CHAPTER 1 SET THEORY 1.1 SETS The main object of this book is to introduce the basic algebraic systems (mathematical systems) groups, ring, integral domains, fields, and vector spaces. By an algebraic
More informationEquivalence relations
Equivalence relations A motivating example for equivalence relations is the problem of constructing the rational numbers. A rational number is the same thing as a fraction a/b, a, b Z and b 0, and hence
More informationThe composition g f of the functions f and g is the function (g f)(x) = g(f(x)). This means, "do the function f to x, then do g to the result.
30 5.6 The chain rule The composition g f of the functions f and g is the function (g f)(x) = g(f(x)). This means, "do the function f to x, then do g to the result." Example. g(x) = x 2 and f(x) = (3x+1).
More informationProposition 11 Let A be a set. The following are equivalent.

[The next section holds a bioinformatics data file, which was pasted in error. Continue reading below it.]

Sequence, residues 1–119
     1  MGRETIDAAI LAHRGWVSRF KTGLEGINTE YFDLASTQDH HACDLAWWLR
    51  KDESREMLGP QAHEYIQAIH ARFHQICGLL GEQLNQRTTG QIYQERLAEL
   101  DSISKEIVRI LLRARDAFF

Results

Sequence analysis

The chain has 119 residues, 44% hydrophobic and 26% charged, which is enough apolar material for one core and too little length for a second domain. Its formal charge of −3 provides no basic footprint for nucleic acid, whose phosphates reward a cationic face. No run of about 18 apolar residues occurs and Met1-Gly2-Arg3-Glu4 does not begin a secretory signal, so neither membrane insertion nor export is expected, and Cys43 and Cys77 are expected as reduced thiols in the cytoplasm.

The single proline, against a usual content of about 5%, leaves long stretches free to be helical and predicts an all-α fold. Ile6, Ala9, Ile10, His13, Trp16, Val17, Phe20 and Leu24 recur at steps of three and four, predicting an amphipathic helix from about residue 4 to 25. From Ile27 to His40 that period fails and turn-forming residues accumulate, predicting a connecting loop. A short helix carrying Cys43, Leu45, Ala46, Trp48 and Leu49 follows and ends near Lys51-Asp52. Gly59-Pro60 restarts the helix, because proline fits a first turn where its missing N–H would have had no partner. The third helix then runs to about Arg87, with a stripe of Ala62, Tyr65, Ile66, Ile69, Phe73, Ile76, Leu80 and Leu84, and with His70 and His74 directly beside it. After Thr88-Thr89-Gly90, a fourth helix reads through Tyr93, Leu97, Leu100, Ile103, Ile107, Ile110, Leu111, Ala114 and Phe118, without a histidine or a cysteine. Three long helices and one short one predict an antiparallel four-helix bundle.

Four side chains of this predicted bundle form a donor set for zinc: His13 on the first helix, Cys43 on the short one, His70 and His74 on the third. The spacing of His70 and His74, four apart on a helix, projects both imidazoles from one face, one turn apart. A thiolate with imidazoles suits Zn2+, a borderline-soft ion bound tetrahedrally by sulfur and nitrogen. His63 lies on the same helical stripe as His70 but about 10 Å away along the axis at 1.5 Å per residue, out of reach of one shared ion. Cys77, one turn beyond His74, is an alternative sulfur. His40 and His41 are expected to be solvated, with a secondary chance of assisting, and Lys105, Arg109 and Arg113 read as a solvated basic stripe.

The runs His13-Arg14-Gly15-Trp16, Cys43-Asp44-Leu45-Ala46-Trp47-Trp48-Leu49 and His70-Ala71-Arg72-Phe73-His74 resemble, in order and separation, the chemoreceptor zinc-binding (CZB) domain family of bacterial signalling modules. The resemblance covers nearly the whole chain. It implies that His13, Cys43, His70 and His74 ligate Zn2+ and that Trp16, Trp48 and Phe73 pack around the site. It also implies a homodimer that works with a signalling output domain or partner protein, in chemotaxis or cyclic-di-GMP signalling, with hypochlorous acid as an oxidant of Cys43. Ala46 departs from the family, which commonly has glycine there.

Countable Sets Definition 6 Let A be a set It is countably infinite if N A and is countable if it is finite or countably infinite If it is not countable it is uncountable Note that if A B then A is countable
More informationMath 115 Spring 2014 Written Homework 8SOLUTIONS Due Friday, April 11
Math 115 Spring 2014 Written Homework 8SOLUTIONS Due Friday, April 11 Instructions: Write complete solutions on separate paper (not spiral bound). If multiple pieces of paper are used, THEY MUST BE STAPLED
More informationINTRODUCTORY SET THEORY
M.Sc. program in mathematics INTRODUCTORY SET THEORY Katalin Károlyi Department of Applied Analysis, Eötvös Loránd University H1088 Budapest, Múzeum krt. 68. CONTENTS 1. SETS Set, equal sets, subset,
More informationSETS, RELATIONS, AND FUNCTIONS
September 27, 2009 and notations Common Universal Subset and Power Set Cardinality Operations A set is a collection or group of objects or elements or members (Cantor 1895). the collection of the four
More informationRadical Expressions and Graphs
Radical Expressions and Graphs Objective 1 Find square roots. Slide 10.13 Find square roots. When squaring a number, multiply the number by itself. To find the square root of a number, find a number that
More information15251: Great Theoretical Ideas in Computer Science Lecture 6. To Infinity and Beyond
15251: Great Theoretical Ideas in Computer Science Lecture 6 To Infinity and Beyond Galileo (1564 1642) Best known publication: Dialogue Concerning the Two Chief World Systems His final magnum opus (1638):